Build routines around your life, not the other way around

The struggle around routines, motivation, and clarity on the direction one wants to take in life are real. But mindlessly mocking others isn’t going to help, even if your gurus have you convinced that success leaves clues.

The proven way to accomplish any achievement is to understand oneself truly. Nothing more. Nothing less. Having a more profound sense of what you value is a fundamental step to every other significant milestone you will set out to achieve.

And if you’re wondering what knowing yourself is like, here’s what it looks like for me (and several other “well-to-do” folks I know):

  1. Wake up when I am feeling rested instead of 4,5, or even 6 am as I used to. (I usually get up between those hours, but never to an alarm clock.)
  2. Choosing to write or read or some creative activity before physical training. And on days, I switch things around just because I feel like doing so.
  3. Focusing like a roman on the work that matters the most — even if you have a day job. Contrary to what most people think, one doesn’t have to be an entrepreneur to enjoy your life and do meaningful work.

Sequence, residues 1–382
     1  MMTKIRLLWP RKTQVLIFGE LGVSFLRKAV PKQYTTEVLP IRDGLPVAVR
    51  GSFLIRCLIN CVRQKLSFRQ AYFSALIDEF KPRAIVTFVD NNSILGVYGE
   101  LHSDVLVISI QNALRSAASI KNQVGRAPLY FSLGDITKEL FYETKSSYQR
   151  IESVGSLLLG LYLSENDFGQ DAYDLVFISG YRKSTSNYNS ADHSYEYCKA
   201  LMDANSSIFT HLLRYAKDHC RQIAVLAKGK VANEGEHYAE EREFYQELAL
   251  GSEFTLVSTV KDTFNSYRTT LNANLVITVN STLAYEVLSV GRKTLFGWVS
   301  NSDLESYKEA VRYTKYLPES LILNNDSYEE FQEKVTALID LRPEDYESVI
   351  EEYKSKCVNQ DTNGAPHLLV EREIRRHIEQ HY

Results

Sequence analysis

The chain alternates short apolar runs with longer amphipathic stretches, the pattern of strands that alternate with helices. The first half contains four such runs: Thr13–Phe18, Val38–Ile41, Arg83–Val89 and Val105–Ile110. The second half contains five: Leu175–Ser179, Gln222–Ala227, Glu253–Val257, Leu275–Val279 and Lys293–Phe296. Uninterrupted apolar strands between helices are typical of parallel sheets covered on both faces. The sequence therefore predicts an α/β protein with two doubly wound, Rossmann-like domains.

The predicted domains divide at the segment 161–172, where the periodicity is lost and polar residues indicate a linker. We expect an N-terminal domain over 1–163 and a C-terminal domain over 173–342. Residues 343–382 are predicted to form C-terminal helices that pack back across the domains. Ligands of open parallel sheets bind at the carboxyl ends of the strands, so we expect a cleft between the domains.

4. Spending time studying for intellectual growth or satiating curiosity instead of binging on Netflix. Or heck, doing both, simply because they feel like doing so.
  5. Making time for family and friends every single day. In some form or the other. It could be a structured activity or unstructured; it doesn’t matter. What matters is that one is putting in the effort to be with a loved one.

I could go on, but that’s not the point. The big idea here isn’t to compare someone else’s routine with your own. We’ve been doing that for the past decade and have gotten nowhere!

Instead, we must spend time evaluating our priorities and values and building a structure that supports all of that instead of mocking a routine that worked for a social media “influencer.” Because you don’t have anything in common with them, no matter how much they inspire you.

A great starting point is to evaluate what 3-5 areas (not more) are the most important to you? And then assess why they’re so vital to you, followed by what you must do daily, weekly, or monthly to make significant progress in these areas.

Working on this exercise will help you identify the action points you must make time for every day if you want to progress. Now, build a routine that enables you to execute your action points. And then do the work.

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